The next song was “Beautiful Prayer” by Sam Smith, who came on wearing an odd white jacket that looked like some fashion designer’s idea of crossing a lab coat with a monk’s robe — is there some Grammy rule that openly Gay performers have to dress androgynously? (The only other openly Gay artist on last night, Elton John, performed his much-ballyhooed duet with Miley Cyrus on “Tiny Dancer” wearing a sequined black leather jacket with his first name emblazoned on the back. He also has almost no voice left — Elton John never had more than a serviceable voice; he achieved stardom because he and Bernie Taupin wrote such fabulous songs and his voice, though not great, at least in its early days was powerful and flexible enough to put the songs over.) Then the group Little Big Town did a song called “Better Man,” apparently written for them by Taylor Swift, and while there’s an even better song called “Better Man” by Pearl Jam this was a good one and an especially fine vehicle for the great white soul voice of the Little Big Town female member with long, dark hair. Then there was a tribute to the late Chuck Berry and Fats Domino that was disappointing simply because it wasn’t longer; given Berry’s importance in the history of rock his “final exit” should have been heralded on the Grammys by an extended medley with various artists paying tribute to him with a snippet of his songs; instead he and Fats got lumped together with Jon Batiste of Stephen Colbert’s backing band, Stay Human, doing “Ain’t That a Shame” (and playing a considerably flashier, trickier piano part than the original) and Gary Clark, Jr. playing “Maybelline.” Then someone or something called Childish Gambino — his name sounds like a particularly immature Mafioso character on The Godfather or The Sopranos but he’s actually a quite good Black neo-soul singer — did a song called “Terrified,” and Pink turned in one of the highlights of the evening with a power ballad called “Wild Hearts Can’t Be Broken.”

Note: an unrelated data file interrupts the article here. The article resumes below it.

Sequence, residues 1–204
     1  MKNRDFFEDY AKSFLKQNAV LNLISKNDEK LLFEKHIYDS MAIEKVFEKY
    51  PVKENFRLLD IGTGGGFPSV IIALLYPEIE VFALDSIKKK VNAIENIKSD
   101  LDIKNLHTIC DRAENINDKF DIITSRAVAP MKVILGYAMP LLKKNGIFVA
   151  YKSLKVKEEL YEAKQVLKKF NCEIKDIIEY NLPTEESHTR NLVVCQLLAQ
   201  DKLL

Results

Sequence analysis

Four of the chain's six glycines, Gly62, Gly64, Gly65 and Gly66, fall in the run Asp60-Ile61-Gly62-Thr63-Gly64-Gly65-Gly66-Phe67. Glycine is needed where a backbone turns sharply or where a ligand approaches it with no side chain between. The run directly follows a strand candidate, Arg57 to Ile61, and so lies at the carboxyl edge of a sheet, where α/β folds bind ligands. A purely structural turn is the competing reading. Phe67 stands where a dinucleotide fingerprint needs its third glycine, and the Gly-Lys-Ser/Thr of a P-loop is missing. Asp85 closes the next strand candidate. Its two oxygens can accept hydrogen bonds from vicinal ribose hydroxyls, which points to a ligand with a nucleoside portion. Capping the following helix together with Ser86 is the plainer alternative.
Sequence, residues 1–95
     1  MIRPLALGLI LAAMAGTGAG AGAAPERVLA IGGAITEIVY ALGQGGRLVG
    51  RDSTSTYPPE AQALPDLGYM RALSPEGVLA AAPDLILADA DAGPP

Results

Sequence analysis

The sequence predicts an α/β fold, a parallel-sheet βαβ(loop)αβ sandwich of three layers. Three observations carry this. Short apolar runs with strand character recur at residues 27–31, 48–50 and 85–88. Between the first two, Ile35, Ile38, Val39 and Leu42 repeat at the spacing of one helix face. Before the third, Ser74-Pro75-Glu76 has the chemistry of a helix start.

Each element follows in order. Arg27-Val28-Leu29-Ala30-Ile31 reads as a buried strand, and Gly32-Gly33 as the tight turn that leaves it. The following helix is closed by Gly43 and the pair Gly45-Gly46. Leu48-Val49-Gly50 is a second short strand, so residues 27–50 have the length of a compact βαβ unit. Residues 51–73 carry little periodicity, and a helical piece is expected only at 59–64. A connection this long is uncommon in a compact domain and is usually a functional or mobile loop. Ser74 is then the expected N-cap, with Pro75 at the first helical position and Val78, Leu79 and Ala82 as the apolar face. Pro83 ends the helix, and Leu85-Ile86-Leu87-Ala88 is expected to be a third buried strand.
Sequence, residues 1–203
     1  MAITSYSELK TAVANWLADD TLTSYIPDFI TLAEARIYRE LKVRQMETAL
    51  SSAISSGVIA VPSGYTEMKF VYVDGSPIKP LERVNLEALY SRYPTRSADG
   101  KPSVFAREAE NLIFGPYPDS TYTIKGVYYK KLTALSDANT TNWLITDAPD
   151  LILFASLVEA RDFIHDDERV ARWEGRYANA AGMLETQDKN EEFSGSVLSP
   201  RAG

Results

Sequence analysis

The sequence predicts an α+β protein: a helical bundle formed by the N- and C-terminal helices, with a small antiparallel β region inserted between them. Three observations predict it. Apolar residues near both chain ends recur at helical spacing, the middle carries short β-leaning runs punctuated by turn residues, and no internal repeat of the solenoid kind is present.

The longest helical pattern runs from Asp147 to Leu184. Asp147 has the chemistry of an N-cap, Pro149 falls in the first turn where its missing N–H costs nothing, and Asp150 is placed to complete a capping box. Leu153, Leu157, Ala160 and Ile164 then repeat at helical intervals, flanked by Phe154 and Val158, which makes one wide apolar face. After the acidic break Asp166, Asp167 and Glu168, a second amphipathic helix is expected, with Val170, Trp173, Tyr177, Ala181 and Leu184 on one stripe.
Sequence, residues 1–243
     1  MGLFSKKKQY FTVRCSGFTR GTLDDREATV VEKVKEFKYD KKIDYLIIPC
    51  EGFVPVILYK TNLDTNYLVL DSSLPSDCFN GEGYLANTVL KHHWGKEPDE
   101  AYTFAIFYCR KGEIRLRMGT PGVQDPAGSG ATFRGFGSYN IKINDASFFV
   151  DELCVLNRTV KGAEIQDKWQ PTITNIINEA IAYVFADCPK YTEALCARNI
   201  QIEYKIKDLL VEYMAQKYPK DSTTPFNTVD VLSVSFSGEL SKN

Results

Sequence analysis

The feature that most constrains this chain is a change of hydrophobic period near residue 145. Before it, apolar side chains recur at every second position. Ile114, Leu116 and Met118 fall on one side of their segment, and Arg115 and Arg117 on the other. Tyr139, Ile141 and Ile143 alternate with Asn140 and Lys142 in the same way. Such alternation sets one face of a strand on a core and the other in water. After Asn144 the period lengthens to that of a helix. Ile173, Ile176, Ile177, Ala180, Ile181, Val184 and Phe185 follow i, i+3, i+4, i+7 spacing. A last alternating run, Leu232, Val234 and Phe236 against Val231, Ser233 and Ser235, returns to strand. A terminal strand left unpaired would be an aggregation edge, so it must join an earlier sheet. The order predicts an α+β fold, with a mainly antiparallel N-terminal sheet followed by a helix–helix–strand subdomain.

I loved this performance because it stayed simple: for once Pink didn’t have herself hoisted to the rafters on a trapeze with Cirque du Soleil wanna-bes as her chorus line; instead she stood on stage and sang her heart out in one of the most powerful and vivid white-soul performances of a night that had quite a few good ones. Next up was a surprisingly amusing routine with James Corden, who hosted and was generally inoffensive even though the few times I’ve watched his own show I’ve found him boring and wondered how this guy with no discernible talent got on TV, taking Sting and Shaggy on a New York subway, trying to do a Big Apple version of his schtick of doing sing-alongs with his musical guests in the car ostensibly taking them to his studio — and getting a lot of irate passengers telling them to just shut up. The next number was a forgettable entry by Bruno Mars with someone named Candy B. as his duet partner on a song called “Finesse,” after which Sting got trotted in to sing a three-decades-old song, “Englishman in New York.” Sting originally wrote it about Quentin Crisp but it got trotted out because he was an Englishman in New York last night, and he did it competently enough and reminded us of how great he was, especially in the decade between the breakup of the Police and the recording of his masterpiece, The Soul Cages. After that came a teaming of Rihanna with two rap people, rapper Bryan Taller (at least that’s what I think I wrote in my notes) and D.J. Khalid, on a forgettable song called “What I Wish.” Then Maren Morris, one of my current favorites, came out with the Brothers Osborne and Eric Church, all of whom had performed at the country music festival in Las Vegas that ended tragically with a mass shooting just after the set by headliner Jason Aldean, to memorialize the fans lost that day with … well, I was hoping they would do a classic country song on the subject like the Carter Family’s “Will the Circle Be Unbroken?,” but instead they trotted out Eric Clapton’s bathetic “Tears in Heaven” (though Morris did make the song sound more soulful than anyone else has, including Clapton himself).